To be completely honest, I may reject projects sometimes, in cases where we are given a brief that doesn’t align with our aesthetic standards. Apart from that, we face funny situations sometimes, for instance, a client once requested while we were finalizing the house to spread salt under the tiles. We also receive different and unfamiliar requests. Another client once asked us to create a hidden room in his house and to equip it with all the necessities including food sufficient for one month, ventilation, as well as security and safety precautions.
What is your source of inspiration?
Interior designers find inspiration in everything around them, their eyes are like a camera that captures and records all the details. Even the simple details like the colors of an outfit someone is wearing can inspire me in my designs. 
What do you love the most about your job and what is the most frustrating aspect?
The most rewarding moment is when you finish your project and see your design brought to life and begin to experience the look and feel of all the details. It really feels like a moment of victory, and this is one of the things I love the most about my job. On the other hand, it is not an easy job and requires a lot of dedication, attention, and effort. We spend extensive working hours thinking about the very fine details and the planning process to make sure that the outcome is a piece of art. But in the end, having a passion for what you do makes the difficult aspects of the job a lot easier.
Is it easy to combine beauty and functionality?
A good design is one that doesn’t compromise functionality or practicality for the sake of creating art and beauty. So as an interior designer, I make sure that both elements are combined. If we create a beautiful design that is not practical, it will not be convenient for the resident or the space owner and vice versa, a place that is functional but lacks beauty will end up looking and feeling dull.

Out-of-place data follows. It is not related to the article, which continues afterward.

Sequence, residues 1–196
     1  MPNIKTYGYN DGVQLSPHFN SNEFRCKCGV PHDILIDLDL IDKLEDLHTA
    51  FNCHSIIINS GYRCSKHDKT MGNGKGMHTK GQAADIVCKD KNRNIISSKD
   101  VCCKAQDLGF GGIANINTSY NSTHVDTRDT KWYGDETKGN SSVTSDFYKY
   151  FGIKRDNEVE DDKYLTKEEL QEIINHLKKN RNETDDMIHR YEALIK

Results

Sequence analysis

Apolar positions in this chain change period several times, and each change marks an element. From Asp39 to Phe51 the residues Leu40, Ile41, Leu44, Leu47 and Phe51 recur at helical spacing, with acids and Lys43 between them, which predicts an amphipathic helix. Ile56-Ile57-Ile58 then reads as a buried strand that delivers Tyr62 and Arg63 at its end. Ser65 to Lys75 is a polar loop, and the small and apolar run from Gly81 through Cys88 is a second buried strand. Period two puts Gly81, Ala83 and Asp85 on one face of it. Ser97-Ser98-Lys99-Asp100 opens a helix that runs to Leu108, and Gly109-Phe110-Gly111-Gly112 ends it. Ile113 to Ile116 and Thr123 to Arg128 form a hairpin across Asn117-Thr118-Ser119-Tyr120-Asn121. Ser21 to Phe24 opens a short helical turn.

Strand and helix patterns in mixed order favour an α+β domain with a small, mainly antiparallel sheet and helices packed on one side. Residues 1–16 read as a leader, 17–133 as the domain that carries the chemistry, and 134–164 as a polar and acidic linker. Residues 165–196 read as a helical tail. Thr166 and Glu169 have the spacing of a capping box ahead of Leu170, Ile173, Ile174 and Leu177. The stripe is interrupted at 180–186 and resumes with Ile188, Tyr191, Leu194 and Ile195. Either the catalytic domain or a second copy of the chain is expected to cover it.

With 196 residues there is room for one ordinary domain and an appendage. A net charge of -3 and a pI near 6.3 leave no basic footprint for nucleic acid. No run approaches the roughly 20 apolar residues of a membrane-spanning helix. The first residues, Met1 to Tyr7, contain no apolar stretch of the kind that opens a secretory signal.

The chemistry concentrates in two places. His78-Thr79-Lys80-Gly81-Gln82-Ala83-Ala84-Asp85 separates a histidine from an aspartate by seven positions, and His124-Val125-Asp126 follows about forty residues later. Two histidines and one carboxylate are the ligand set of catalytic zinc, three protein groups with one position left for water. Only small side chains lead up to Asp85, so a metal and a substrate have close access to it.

From the eye of a designer, what is the first thing that catches your eye when you enter a room?
Ceilings, especially that they are sometimes neglected in design. Usually the walls and the floors get more attention to details in the design. 
What is your favorite interior design style?
Honestly, I cannot just limit it to one style. I decide on the style depending on the space and the client’s preference. But generally, I really prefer to infuse natural materials in the design such as wood and marble. Definitely adding other artificial materials is needed in the process but the more natural materials, the more alive and appealing the space becomes. 
How do you set yourself apart from other interior designers?
Honestly, I do not get motivated by competition or comparison with others, but rather comparing where I stand today with where I was the last year or the year before. I always work on becoming a better version of myself, this is how one can evolve and progress in their career.
Finally, an advice you'd give for any upcoming designer.
I would advise anyone beginning their career as an interior designer to have patience and to take it step by step. Most graduates are eager to start their own business immediately after graduation thinking they will build a name in the market easily and quickly. It actually doesn’t work that way, you need time and effort to reach this point. So, always work on improving your skills and yourself.